But luckily for some parents; namely the ones who entered on a visa or through the visa waiver program; they will not be required to leave the U.S., but can stay and receive their green card through the procedure known as "adjustment of status," attending their interview at an office of U.S. Citizenship and Immigration Services (USCIS). This is true even if they overstayed the visa. The only catch is that they cannot have misused the visa, that is, obtained it simply in order to come to the U.S. and get a green card.
For more on the differences, see Consular Processing vs. Adjustment of Status.
Parents who entered the U.S. without inspection are not allowed to adjust status unless they fall into a rare exceptional category.
If parents of a U.S. citizen happen to be living in the U.S. on a valid visa, they should be able to adjust status as immediate relatives without trouble. That means submitting all their paperwork to and attending their interview at a USCIS office.
The only likely hurdle to this plan is if they committed visa fraud by applying for the U.S. nonimmigrant visa with the idea of gaining U.S. entry in order to adjust status. In other words, if they, for example, applied for a B-2 visitor visa, they are supposed to have truly intended to be tourists, and only later decided to apply for a green card.
For parents who are living outside the U.S., and who haven't done anything in the past to make them inadmissible, the application process to get a green card through a U.S. citizen child should be fairly straightforward.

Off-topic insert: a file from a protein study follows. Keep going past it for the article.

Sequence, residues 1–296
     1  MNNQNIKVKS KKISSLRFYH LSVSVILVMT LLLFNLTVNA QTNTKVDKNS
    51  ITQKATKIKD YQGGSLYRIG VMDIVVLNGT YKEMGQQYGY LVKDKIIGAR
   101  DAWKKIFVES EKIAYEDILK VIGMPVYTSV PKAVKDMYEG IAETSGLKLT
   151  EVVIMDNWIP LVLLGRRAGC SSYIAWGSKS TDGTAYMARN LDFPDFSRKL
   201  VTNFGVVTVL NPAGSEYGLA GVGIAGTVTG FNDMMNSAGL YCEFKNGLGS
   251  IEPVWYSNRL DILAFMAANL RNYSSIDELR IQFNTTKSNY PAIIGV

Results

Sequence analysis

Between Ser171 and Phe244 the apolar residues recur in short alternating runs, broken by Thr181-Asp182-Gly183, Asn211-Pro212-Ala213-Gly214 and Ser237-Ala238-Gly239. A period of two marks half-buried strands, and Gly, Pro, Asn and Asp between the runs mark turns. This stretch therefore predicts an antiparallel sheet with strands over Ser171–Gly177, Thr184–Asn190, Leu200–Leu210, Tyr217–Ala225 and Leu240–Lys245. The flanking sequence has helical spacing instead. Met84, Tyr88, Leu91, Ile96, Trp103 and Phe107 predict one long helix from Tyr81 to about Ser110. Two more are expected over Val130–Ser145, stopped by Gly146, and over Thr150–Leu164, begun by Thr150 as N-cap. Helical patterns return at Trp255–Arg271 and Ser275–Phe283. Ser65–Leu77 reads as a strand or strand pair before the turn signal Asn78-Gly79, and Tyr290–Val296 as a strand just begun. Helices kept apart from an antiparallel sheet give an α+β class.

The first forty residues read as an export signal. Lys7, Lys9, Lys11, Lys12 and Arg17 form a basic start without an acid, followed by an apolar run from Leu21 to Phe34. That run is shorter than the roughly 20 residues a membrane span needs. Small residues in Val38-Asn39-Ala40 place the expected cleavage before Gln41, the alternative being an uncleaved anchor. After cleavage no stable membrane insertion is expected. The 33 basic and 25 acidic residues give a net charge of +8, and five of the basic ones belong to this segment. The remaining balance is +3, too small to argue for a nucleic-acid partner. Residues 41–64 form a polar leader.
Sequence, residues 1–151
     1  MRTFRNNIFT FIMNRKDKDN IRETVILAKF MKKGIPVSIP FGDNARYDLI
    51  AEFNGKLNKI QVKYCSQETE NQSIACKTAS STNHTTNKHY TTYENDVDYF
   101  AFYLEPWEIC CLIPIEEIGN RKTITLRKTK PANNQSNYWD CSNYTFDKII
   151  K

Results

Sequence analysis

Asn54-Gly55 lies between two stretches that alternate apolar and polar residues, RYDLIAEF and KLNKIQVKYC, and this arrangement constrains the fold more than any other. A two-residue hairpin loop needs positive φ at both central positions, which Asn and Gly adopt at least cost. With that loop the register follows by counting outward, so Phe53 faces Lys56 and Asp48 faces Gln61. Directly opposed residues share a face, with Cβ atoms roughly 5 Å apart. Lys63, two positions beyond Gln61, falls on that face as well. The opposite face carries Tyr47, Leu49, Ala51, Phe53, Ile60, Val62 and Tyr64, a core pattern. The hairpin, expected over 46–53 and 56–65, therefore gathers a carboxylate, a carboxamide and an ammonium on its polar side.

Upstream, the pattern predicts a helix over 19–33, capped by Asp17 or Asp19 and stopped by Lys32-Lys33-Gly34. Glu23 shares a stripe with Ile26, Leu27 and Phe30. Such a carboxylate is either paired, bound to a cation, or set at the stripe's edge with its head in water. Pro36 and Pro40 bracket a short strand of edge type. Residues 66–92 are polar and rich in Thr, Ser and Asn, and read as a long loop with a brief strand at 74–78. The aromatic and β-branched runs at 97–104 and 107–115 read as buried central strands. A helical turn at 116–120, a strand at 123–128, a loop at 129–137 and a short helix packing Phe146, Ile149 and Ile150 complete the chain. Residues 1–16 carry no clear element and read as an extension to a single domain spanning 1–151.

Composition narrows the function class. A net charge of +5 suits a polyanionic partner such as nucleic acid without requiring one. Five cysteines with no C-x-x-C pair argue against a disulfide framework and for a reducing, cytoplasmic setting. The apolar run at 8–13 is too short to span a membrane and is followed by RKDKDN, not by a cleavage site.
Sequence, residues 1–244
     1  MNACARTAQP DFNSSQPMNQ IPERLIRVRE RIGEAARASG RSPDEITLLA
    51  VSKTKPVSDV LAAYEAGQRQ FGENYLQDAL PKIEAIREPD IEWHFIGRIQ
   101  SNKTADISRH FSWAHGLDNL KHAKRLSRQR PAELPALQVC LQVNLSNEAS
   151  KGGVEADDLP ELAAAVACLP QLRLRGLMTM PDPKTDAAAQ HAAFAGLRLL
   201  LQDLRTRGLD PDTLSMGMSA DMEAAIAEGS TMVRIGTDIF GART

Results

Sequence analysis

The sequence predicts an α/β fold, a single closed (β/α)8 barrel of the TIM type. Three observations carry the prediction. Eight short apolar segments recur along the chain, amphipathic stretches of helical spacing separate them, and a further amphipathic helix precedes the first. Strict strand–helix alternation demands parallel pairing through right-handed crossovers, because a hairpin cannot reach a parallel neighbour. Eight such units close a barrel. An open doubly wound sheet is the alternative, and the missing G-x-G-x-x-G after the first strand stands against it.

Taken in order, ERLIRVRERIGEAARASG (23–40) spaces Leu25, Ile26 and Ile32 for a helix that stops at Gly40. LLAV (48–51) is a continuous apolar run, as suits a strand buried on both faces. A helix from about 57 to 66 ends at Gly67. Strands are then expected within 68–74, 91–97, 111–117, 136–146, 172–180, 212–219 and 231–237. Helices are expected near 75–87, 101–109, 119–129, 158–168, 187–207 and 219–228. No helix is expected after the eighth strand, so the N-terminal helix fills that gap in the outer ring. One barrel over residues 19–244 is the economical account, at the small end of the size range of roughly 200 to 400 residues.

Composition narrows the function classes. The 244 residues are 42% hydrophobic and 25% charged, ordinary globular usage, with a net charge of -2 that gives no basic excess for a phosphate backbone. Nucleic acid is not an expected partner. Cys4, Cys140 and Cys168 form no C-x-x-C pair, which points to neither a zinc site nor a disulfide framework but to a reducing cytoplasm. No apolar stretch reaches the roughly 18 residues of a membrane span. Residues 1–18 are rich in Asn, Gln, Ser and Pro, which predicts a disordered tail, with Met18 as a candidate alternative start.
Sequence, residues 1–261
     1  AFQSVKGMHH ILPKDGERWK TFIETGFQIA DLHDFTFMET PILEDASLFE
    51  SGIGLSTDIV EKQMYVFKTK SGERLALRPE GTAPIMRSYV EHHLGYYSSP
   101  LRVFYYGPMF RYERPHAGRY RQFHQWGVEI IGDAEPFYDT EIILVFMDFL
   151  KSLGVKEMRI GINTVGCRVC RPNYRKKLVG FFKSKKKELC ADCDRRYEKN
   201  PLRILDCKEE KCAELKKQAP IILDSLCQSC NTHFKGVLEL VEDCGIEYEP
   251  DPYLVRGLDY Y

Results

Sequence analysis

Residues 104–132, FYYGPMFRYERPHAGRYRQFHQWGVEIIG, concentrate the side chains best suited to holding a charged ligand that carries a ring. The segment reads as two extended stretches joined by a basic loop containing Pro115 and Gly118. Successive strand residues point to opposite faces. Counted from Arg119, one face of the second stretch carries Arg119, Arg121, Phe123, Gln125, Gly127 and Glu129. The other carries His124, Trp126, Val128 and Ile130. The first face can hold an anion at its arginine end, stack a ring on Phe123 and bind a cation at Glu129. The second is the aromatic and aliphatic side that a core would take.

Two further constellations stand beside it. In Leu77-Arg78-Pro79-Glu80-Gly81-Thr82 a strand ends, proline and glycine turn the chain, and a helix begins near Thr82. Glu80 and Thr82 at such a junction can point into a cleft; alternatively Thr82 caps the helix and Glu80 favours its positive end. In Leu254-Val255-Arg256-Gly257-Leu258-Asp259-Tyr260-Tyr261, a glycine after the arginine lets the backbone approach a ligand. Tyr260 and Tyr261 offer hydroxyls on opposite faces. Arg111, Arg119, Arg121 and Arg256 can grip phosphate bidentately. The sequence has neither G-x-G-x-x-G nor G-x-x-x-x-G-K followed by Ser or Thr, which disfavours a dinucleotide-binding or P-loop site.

The parents should expect to complete "consular processing," which means they will submit their paperwork to and attend their visa interview at a U.S. consulate in their home country before coming to the U.S. on an immigrant visa. Upon entry, they become lawful permanent residents. (The actual green card will arrive some weeks later.)
Exactly what process must be followed in getting a green card for parents depends on whether they will be adjusting status or going through consular processing. Both require payment of fees, but the amounts and timing of payments are also different. The actual forms are in most cases different as well, though the information collected is largely the same.
One of the important supporting forms for all applicants to submit is one the child will need to prepare, known as Form I-864, the affidavit of support. Its purpose is for the U.S. citizen child to promise to reimburse any government agency within the United States from which the parents receive need-based assistance over approximately the next ten years.
For applicants who are living in the U.S. and eligible to adjust status, the process basically involves submitting both an I-130 petition (prepared by the U.S. citizen child petitioner, sometimes called the sponsor) along with the parents' own application on Form I-485, with supporting forms and documents, to USCIS. These materials are submitted all at once by mail to USCIS, after which the parents will be called in for fingerprinting, and finally an interview.
For consular processing, the child will start off the processing by submitting an I-130 visa petition to USCIS. After that is approved, the case will be transferred first to the National Visa Center (NVC), and then to an overseas U.S. consulate. The parents will fill out various State Department forms. The parents will attend an interview at a U.S. consulate or embassy in their home country.
If the U.S. citizen child wishes to sponsor an adopted or step-parent, both are possible. However, the adoption must have been finalized before the child turned 16, and the parents and child must have lived in the same household for at least two years.
To sponsor a step-parent, the marriage that created the step-relationship must have occurred prior to the child's 18th birthday.
The other concerns and procedures are as described above.